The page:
Fox Star Studios, from the looks of it, has had an average year. The collaboration between Twentieth Century Fox and Star India started operations here in 2008 and has focused on releasing a mix of English titles sourced from the mother ship and locally co-produced Hindi films.

The studio is behind such high-profile releases in the past as Avatar, Rio, My Name is Khan and Life of Pi. Matru Ki Bijlee Ka Mandola and Bullett Raja created few waves in 2013: Murder 3 was a forgettable entry in a well-worn franchise, and only the low-budget Jolly LLB recovered money and face. Of the handful of Hollywood releases, only The Wolverine was worth taking note of.

The studio has a different spin on the events. The year that is almost behind us was spent on preparing for the next 12 months, said Vijay Singh, CEO at the studio. “2013 has been a year building a pipeline for 2014," he said. “One of the key changes has been to move away from an acquisition to a development model. It takes between 12 and 18 months to do that. We have got to make films that creatively push the envelope but are also commercially sensible. It’s so easy to lose your shirt in this business."

Fox Star Studios will increase its output significantly next year, rolling out at least 28 titles, including nine Hindi films, many of them co-productions. This includes Amole Gupte’s Hawaa Hawaai, Homi Adajania’s Finding Fanny Fernandez, Anurag Kashyap’s Bombay Velvet, Sajid Khan’s Humshakals, Mohit Suri’s Hamari Adhuri Kahani and Hansal Mehta’s official remake of the Filipino-British crime drama Metro Manila, titled City Lights.

The company will continue to take the co-production route to deepen its presence in Bollywood—a three-film deal with Vishesh Films, run by the brothers Mukesh and Mahesh Bhatt and including the 3D venture Mr X, will contribute to its Hindi crop. Fox Star and Vishesh had previously tied up for Raaz 3 and Murder 3. “We have focused on strengthening relationships that were already in place, and we have also been able to strike some new interesting relationships," Singh said.

The studio’s association with Tamil filmmakers has proved profitable enough to continue into the coming year. It will co-produce the movies V Chitram, Mundasupatti and Cuckoo as well as back the new venture by Atlee Kumar, who directed the recent Fox Star Studios-A.R. Murugadoss co-production Raja Rani. The company is looking to renew its association with Murugadoss that helped it enter the Tamil film business and get a bunch of modestly budgeted dramas and rom-coms off the ground.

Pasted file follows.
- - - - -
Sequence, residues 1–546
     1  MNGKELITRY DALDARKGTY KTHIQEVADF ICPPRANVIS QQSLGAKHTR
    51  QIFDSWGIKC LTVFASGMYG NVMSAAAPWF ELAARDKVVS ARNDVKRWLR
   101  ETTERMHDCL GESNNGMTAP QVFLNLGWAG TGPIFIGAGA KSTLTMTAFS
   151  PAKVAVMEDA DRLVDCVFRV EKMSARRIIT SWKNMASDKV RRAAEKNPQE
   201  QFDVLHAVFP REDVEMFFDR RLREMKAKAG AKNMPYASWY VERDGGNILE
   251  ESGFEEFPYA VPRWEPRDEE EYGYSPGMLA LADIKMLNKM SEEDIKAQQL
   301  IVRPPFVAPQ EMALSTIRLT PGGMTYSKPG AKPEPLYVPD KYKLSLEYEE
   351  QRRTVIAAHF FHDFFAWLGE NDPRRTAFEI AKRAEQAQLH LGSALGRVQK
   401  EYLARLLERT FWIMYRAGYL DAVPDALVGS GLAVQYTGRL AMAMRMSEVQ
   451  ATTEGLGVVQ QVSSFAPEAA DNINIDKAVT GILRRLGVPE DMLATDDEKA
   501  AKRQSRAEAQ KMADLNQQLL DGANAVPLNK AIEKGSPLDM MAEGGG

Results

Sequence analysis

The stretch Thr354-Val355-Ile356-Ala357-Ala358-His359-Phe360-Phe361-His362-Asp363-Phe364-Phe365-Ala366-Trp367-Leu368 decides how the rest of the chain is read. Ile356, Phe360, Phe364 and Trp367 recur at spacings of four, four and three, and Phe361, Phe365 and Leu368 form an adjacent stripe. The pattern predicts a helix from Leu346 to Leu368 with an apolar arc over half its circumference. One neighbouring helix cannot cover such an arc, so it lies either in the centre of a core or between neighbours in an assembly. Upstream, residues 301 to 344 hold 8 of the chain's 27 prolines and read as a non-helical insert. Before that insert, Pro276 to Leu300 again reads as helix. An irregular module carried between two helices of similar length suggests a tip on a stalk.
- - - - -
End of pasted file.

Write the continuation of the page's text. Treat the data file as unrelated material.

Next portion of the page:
“One of the learnings (from Tamil cinema) is that the kind of narratives coming out there are lot a more original, and there is more willingness to experiment and push the envelope," Singh said. The relationship with Murugadoss was very useful for the studio, as was the advice of officials at the group’s Tamil language channel, Vijay TV. “The presence of Vijay TV has made our ability to sift information much easier," Singh said.

The larger game for Fox Star Studios, and its competitors, is to build up a bank of ideas and scripts and to exploit the intellectual property rights of wholly owned films. “The focus remains on scripts, ideas and producers who are known to work within tight budgets," Singh said. “We have seen that it is stories that are working, and that big names can go only this far." Until this bank is built, audiences will have to do with remakes of successes in other languages, such as Fox Star’s 1 March release Traffic, originally a Malayalam hit.

“We need to have more storytellers and script writers, and in the interim, the remake is a nice way to fill the gap," Singh said. Another of the scheduled releases is Bang Bang, Siddharth Anand’s remake of the Tom Cruise-Cameron Diaz starrer Knight and Day. Bang Bang has been beset by production delays, partly because of lead actor Hrithik Roshan’s physical and emotional ailments, but will release on schedule on 2 October, Singh said.

The Fox part of the company’s name will yield mostly sequels but also the dramas The Secret Life of Walter Mitty, The Book Thief and The Monuments Men. Hollywood’s market share of the theatrical business in India has been steadily increasing in recent years, observed Singh, from about 5% when his company set up shop to around 9-10%. “Tentpoles and franchises are going up, since 60-70% of Hollywood’s business is coming from outside markets, so the product must travel across diverse markets," he added. In the Hollywood pipeline are Rio 2, X Men First Class: Days of the Future Past, How to Train your Dragon 2, Dawn of the Planet of the Apes and Night At The Museum 3.